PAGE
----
Padding in Closed Back guitar cabs?

Discussion in 'Amps/Cabs Tech Corner: Amplifier, Cab & Speakers' started by aortizjr, Dec 10, 2004.

  1. aortizjr

    aortizjr Member

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    Hi...

    Just curious mainly... I think that Marshall 1960 series have insulation inside. I have opened up Bass cabinets and noticed padding inside the cab.

    However, my open back cabs have no padding. I haven't looked at some of my other closed back cabs.

    Anyway is padding closed back guitar cabs standard? If not what are the effects to running padded vs unpadded?
     
  2. KLB

    KLB Member

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    Placing sound absorbing material inside a closed cab will help absorb the back wave from the speaker, reducing the cabinet resonance. Depending on your tone goals, this may or may not be what you want. Best to experiment. An overly damped (sound absorbed) cab can sound thin and weak.

    Most closed back guitar cabs do NOT have sound absorbing material. Virtually ALL high-fi audio cabinets do.
     
  3. aortizjr

    aortizjr Member

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    Interesting...

    Would the type of wood also be something to consider?

    For instance if your guitar cab is made from a tone wood like birch or pine, you want it to resonate more. So no padding.

    But if it is say MDF or some other cheapy plywood, use padding so it won't resonate the bad tone?

    Hence why perhaps most HiFi cabs never mention the wood used, but guitar cabs pretty much always do. Now of course I am not a big HiFi guy. But that is just my observation in general low-mid range HiFi purchses for Home Entertainment.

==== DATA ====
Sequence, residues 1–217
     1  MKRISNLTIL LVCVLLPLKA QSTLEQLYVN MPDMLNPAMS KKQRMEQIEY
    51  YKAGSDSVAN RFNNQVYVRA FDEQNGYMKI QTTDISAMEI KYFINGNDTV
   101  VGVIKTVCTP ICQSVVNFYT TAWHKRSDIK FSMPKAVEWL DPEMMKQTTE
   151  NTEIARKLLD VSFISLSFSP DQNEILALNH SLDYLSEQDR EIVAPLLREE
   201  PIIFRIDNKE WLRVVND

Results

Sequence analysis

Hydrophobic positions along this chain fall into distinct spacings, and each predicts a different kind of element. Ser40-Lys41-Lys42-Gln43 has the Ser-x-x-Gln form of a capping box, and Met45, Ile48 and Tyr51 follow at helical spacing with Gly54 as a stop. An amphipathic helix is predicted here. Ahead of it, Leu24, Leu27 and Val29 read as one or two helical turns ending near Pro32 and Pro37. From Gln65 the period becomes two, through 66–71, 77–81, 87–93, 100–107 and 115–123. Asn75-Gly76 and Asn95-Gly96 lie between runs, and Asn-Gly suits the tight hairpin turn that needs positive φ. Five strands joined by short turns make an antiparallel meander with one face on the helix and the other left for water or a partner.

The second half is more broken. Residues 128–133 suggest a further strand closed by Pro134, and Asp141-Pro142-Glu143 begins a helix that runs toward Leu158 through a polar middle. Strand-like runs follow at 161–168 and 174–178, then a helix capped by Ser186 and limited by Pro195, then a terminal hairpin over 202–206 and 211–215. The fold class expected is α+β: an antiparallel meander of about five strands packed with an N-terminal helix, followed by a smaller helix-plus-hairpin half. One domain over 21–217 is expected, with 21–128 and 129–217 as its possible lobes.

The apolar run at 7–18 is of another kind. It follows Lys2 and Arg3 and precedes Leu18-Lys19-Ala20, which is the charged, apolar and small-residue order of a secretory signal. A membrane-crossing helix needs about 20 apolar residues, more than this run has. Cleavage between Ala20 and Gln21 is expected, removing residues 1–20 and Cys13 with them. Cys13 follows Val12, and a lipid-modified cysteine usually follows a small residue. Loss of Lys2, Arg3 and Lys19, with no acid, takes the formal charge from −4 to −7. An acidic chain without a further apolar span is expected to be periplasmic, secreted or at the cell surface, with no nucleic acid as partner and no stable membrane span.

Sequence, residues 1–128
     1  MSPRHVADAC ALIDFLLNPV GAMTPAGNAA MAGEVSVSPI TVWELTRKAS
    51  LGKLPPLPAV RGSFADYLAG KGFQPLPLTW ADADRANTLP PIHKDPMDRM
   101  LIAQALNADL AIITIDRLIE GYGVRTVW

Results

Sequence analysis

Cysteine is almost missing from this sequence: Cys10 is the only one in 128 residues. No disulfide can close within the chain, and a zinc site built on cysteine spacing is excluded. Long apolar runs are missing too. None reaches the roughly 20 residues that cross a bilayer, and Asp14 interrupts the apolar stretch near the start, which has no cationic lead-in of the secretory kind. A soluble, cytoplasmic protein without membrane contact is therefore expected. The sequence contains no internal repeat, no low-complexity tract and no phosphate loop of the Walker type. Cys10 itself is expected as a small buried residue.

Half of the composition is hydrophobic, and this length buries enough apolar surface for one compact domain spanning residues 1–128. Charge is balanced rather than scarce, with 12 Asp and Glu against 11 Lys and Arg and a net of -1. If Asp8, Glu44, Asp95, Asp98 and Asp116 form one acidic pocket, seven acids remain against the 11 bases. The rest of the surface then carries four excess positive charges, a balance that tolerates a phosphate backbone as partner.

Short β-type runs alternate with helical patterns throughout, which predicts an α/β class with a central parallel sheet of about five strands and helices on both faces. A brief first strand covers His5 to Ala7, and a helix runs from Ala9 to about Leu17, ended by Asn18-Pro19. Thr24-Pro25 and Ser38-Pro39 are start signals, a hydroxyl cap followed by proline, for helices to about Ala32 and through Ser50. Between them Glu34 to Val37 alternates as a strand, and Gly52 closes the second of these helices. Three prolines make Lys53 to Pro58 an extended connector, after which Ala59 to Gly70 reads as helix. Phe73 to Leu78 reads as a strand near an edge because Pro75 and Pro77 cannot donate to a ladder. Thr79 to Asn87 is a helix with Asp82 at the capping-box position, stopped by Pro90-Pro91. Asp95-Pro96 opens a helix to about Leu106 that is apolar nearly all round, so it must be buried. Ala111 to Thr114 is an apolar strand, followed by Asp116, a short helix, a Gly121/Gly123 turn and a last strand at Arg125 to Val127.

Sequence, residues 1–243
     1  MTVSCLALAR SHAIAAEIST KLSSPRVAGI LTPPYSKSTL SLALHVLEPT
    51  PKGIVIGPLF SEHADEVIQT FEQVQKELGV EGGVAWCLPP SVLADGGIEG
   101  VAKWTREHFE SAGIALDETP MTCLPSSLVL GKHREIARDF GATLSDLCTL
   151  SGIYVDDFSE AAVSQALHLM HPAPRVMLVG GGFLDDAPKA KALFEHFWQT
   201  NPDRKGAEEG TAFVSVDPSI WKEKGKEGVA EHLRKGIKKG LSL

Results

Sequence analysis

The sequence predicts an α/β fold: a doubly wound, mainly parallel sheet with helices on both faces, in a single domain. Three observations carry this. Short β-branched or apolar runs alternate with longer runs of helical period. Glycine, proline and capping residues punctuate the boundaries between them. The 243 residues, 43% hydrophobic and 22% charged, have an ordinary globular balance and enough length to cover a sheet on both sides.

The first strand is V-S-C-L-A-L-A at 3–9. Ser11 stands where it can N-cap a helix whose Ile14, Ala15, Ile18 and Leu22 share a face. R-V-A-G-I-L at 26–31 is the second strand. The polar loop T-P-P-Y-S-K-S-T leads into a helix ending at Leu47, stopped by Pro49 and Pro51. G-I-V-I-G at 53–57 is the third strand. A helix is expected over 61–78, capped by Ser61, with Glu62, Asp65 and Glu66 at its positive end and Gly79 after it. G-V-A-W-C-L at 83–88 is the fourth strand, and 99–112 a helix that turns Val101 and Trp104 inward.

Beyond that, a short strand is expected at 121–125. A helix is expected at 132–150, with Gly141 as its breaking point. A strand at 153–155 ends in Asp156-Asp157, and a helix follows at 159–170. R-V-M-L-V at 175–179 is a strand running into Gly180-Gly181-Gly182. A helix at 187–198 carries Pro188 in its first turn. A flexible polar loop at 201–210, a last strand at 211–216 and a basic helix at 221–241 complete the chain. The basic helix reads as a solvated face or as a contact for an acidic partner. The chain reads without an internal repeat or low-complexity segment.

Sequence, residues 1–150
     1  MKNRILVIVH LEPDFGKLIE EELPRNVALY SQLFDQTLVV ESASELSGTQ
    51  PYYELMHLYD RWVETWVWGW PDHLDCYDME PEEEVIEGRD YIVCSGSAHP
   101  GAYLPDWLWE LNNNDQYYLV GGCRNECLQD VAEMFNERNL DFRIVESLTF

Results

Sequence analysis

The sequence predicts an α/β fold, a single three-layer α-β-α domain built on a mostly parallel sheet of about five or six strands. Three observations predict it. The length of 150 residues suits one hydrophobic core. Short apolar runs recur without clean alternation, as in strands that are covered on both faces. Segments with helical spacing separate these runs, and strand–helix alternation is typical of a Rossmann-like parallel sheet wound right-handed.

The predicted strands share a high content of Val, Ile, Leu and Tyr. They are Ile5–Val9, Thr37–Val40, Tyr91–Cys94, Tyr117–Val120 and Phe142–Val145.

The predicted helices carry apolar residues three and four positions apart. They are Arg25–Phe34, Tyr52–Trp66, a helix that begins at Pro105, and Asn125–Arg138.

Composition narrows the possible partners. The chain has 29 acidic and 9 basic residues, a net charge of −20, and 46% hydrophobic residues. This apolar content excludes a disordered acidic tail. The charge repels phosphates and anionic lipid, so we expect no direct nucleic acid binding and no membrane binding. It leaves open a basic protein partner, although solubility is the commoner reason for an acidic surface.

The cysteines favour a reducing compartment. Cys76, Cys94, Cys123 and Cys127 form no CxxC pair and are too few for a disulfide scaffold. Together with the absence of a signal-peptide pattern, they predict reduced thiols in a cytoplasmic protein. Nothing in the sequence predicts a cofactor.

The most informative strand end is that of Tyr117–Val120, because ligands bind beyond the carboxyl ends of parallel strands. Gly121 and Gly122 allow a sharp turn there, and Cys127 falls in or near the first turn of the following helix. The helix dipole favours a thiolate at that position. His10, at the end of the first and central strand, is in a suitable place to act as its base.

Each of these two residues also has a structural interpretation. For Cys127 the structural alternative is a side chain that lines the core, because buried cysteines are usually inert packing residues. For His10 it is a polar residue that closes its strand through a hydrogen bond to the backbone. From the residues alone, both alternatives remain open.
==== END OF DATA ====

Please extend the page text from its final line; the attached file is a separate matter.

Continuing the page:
4. KLB

    KLB Member

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    Sometimes, bare (tone)wood with no sound absorption is the best tone for a particular amp, speaker and guitar combination. I have a little ported 1x12 made from birch that is unfinished. It sounds much bigger than the size. If it were bigger, it might get too boomy, with the bass notes ringing too long.

    Trial and error is the fun part of this hobby!

    The best sounding audio speakers I've heard were $50K a pair, made by California Audio Technologies. They use CORIAN for the cabinets! Each speaker weighs 300 lbs.

    Cheers
     
  5. Lonely Raven

    Lonely Raven Member

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    I used to hand build Hi-Fi speakers for 3 watt tube amps
    and grew up with the resonance is bad crowd. So going to
    guitar amps where resonance is good confused me at first.
    I get it now.

    The cab resonates which helps give some of that 3d projection
    and can accentuate or diminish certain frequencies.

    Now, my confusion is....if you build a guitar cab that resonates,
    but put an SM57 in front of the cone to record it, doesn't that
    pretty much negate any advantages in your hand made
    antique pine guitar cab?
     
  6. sundaypunch

    sundaypunch Member

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    I have a blonde Fender Bassman with the 2x12 cabinet. I've played it both with and without padding. I tend to like it better without it. Just pull the screws and try it with some insulation inside. You can easily A/B it within a few seconds to see what the tonal difference is.
     
  7. aeolian